January 31, 2017
Strategically Deworming Can Improve Early Conception in Beef Cattle
Treating cows can result in breeding back quicker and easier
The popular expression, “the sooner the better,” is a classic for a reason – because it rings true for so many situations in our lives. For instance: When a young boy breaks a window and is scared to confess the accident to his parents, usually the sooner he does, the better the situation will turn out. Or when a 4-Her has a woodworking project to begin and the fair is just around the corner, once again – the sooner the better.
Perhaps it’s a stretch, but the same notion can apply to a cattle producer practicing strategic deworming to maximize his herd’s potential.
An Iowa State University study shows that parasite control is the most economically beneficial practice for beef producers.1 But more specifically, producers who treat their cows – as well as their calves – for parasites may set themselves up for greater bottom-line success, even when cattle prices are down.
Why? Because when it comes to breeding back beef cows, the sooner the better.
Cows that conceive late calve late, and that can decrease weaning weights by as much as 40 or more pounds.2 Managing for conception should not only target ways to get cows to breed back, but breed back as quickly as possible.
Cade Coppenbarger, DVM, and practicing veterinarian in Davis, Oklahoma, is an avid supporter of treating cows for internal and external parasites, and knows that timing is everything when it comes to conception management.
“From personal experience and from talking with several veterinarians across the country, treating cows for parasites is imperative if producers want their cows breeding back sooner,” Coppenbarger says.
A cow’s peak lactation period occurs approximately 85 days after calving, and during that time, the cow also experiences a feed shortfall and a loss of body energy stores. This is the ideal time at which to breed back a cow,3 which increases the need for a parasite control program.
But cattlemen shouldn’t settle for just any parasite control program, Coppenbarger says.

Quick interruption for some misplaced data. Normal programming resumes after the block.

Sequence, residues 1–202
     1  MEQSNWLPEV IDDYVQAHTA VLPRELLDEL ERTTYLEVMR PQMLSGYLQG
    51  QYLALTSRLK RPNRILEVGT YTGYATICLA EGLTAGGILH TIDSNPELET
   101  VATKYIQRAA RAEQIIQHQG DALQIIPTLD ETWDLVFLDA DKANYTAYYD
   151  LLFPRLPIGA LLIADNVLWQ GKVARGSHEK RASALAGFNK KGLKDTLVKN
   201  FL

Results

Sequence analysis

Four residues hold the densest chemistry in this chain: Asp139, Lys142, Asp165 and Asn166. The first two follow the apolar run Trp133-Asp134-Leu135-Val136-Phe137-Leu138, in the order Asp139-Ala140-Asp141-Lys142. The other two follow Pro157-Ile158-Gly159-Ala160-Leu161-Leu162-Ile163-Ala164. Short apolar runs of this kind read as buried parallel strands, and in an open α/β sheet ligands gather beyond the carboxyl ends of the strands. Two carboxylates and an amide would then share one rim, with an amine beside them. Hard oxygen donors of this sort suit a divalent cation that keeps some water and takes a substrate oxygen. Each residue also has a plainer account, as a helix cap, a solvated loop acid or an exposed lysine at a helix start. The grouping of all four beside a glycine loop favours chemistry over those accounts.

Deworming cows results in fewer larvae eggs being deposited on the pasture for a period of time, depending on the product’s persistence. However, conventional dewormers only last for a short time – about 14 to 42 days. So even if cows are dewormed at turnout, the dewormer has worn off by the time parasite larvae reach their heaviest concentration.
Producers who want to get the most out of their efforts should contact their veterinarian to discuss the strategic deworming protocol that will best fit their operation’s needs. And, of course, the sooner the better.
About Boehringer Ingelheim Animal Health
On January 1st, 2017, Merial became part of the Boehringer Ingelheim group. As the second largest animal health business in the world, Boehringer Ingelheim is committed to making the industry even better at improving animal health. With more than 10,000 employees worldwide, Boehringer Ingelheim Animal Health has products available in more than 150 markets and a global presence in 99 countries. For more information about Boehringer Ingelheim Animal Health, click here.
About Boehringer Ingelheim
Boehringer Ingelheim is one of the world’s 20 leading pharmaceutical companies. Headquartered in Ingelheim, Germany, Boehringer Ingelheim operates presently with a total of some 50,000 employees worldwide. The focus of the family-owned company, founded in 1885, is on researching, developing, manufacturing and marketing new medications of high therapeutic value for human and veterinary medicine. In 2015, Boehringer Ingelheim achieved net sales of about 14.8 billion euros. R&D expenditure corresponds to 20.3 per cent of net sales. For more information, please visit www.boehringer-ingelheim.com
Merial is now part of Boehringer Ingelheim.
©2017 Merial, Inc., Duluth, GA. All rights reserved. RUMIELR1651 (01/17)
1Lawrence JD, Ibarburu MA. Economic Analysis of Pharmaceutical Technologies in Modern Beef Production in a Bioeconomy Era. Iowa State University. 2009.
2Mathematical calculations based on 140-day and 60-day calving seasons.
3Coppock CE. The importance of an energy-dense diet for high-producing dairy cows. Vet Med/Food Anim Pract. 1990;85:429-434.